I was just afraid that they could just turn into uber-monster when transferring their resources in SR4. Suddently, 100 000 nuyens can buy you a world of things... And i'm just wondering if anybody need to go to the hospital anymore, i mean roll bodyx2 to heal?! (of course you got dice penalty). I don't know it just seem that the characters don't have to spend much nuyens to get through the run anymore...

Well i guess i'm just gonna test it and see...
Shadow
The other question you should ask is 'are these bums worth a lot'. From what I can tell characters in SR4 are untested street urchins compared to the trained professionals that are starting characters in SR3.

A few hundred nuyen a job would be expected when the skills the employer is getting is subpar. Let them work up to the big jobs.
Rotbart van Dainig
QUOTE (Spider @ Sep 7 2005, 01:10 AM)
I was just afraid that they could just turn into uber-monster when transferring their resources in SR4.

Perhaps stuff-wise.

In all other respects, your players will probably cry in pain figuring out how to create and re-advance their characters in a way so they will even remotely resemble what they had in SR3.

When it comes to heavily modified individuals. both with bioware and cyberware, having beta and cultured ware, they will most likely require delta now...
Space Ghost
As for the mundane, uncybered opposition, you should probably use them for now and see how it goes. At first glance, it seems like it's harder to dodge/soak a firearms attack down to nothing than it was in SR3. If the opposition is more numerous, wounds will likely be taken. They may be converted to stun due to high armor, but that doesn't really help much.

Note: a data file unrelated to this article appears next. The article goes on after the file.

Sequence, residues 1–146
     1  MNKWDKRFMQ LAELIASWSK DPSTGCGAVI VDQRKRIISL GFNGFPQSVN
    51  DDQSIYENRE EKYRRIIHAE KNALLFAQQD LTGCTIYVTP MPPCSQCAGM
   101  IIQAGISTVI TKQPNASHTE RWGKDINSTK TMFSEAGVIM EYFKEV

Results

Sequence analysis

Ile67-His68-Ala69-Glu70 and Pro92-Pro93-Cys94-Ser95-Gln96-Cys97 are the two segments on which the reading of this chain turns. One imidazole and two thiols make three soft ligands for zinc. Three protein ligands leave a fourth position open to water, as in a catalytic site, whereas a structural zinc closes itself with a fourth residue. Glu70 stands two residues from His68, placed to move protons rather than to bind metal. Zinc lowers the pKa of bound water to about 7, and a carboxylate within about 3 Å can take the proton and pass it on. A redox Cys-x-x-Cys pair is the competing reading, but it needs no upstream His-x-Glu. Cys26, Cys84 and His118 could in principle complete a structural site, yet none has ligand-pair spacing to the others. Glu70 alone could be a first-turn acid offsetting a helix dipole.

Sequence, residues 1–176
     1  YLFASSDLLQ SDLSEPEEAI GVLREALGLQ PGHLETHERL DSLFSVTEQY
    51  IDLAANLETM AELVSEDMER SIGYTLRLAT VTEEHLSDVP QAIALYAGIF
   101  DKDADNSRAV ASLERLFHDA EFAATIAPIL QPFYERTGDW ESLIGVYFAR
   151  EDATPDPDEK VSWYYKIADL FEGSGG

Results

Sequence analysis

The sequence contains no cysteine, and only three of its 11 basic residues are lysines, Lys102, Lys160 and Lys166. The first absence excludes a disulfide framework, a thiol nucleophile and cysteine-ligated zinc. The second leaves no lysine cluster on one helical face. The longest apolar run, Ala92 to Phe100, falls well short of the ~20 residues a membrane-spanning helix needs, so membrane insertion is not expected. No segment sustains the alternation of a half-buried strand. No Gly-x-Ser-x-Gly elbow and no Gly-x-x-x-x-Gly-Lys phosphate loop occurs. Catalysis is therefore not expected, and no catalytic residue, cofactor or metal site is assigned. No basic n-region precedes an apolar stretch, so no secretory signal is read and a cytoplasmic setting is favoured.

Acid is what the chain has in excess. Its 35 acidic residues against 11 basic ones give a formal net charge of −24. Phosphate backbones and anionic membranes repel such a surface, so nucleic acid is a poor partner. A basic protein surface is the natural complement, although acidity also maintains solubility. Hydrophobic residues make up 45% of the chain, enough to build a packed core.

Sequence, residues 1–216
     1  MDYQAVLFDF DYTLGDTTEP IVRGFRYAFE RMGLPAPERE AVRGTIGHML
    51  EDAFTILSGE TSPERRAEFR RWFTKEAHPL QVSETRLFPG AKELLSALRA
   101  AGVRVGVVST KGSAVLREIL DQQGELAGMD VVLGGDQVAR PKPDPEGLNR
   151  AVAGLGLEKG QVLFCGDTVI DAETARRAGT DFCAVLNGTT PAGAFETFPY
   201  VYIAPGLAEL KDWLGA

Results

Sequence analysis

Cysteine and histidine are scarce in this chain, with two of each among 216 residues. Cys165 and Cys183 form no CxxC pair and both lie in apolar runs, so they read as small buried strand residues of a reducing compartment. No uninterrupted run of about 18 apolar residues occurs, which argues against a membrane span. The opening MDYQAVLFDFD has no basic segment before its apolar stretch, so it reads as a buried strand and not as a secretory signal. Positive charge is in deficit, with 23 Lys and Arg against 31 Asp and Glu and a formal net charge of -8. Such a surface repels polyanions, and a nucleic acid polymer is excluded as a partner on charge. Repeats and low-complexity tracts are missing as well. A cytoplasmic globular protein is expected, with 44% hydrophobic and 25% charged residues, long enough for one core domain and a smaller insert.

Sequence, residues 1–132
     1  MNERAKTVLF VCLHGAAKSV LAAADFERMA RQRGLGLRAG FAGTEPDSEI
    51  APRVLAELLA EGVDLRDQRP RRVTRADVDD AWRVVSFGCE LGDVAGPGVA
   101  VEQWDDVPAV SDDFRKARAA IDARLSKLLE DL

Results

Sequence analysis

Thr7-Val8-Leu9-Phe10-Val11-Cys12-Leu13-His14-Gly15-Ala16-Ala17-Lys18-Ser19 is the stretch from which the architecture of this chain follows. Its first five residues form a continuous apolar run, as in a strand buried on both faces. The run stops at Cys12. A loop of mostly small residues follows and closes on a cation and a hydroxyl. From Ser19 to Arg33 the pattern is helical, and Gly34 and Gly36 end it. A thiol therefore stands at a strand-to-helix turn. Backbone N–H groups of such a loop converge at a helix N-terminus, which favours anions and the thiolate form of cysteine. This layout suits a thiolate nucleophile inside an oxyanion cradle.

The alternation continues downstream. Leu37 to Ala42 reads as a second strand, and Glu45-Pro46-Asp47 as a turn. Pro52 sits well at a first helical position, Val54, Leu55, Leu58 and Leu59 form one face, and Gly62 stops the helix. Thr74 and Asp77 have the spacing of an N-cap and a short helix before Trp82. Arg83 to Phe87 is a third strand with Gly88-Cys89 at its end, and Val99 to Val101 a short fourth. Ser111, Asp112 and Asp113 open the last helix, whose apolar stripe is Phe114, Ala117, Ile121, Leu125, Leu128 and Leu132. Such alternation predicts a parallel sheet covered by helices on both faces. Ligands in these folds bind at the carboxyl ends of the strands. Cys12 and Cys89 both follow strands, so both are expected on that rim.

OSUMacbeth
QUOTE
Shadow:
From what I can tell characters in SR4 are untested street urchins compared to the trained professionals that are starting characters in SR3.


Why do people keep saying this? My friend and I tested out *two* bog-standard starting characters out yesterday against a team of five Tir Ghosts and a Lieutenant and I don't think either of us took a physical wound. Yet, look at the "street" level grunts in the book. Those characters would have been slaughtered. It seems like people are comparing numbers between two separate rules systems and saying "The numbers are lower. Looks like shadowrunners are barely better than sprawl gangers now." Can someone help me understand?

OSUMacbeth
snowRaven
Yeah...with costs the way they are, and skills starting at 4, 5 and 6, starting characters in SR4 seem to be teh 133T ber monsters who will be at the top of the runner food chain (skillwise) after, say... 20 average runs? 50 runs and they will be legendary Prime Runners a la FastJack, Dodger, Argent and pals.

Hmmm, lemme go check the stats for a dragon...they could be alot easier to take down now, with a moderately experienced team...

(They did say they were bringing SR to a grittier, more street level, right?)
FrankTrollman
QUOTE
Why do people keep saying this?


I have no idea what your characters did against 5 Ghosts and a Ghost Hacker that made them win without taking any serious harm. Seriously, I have no idea at all. But I can tell you as a matter of fact that it was not a typical or meaningful test situation.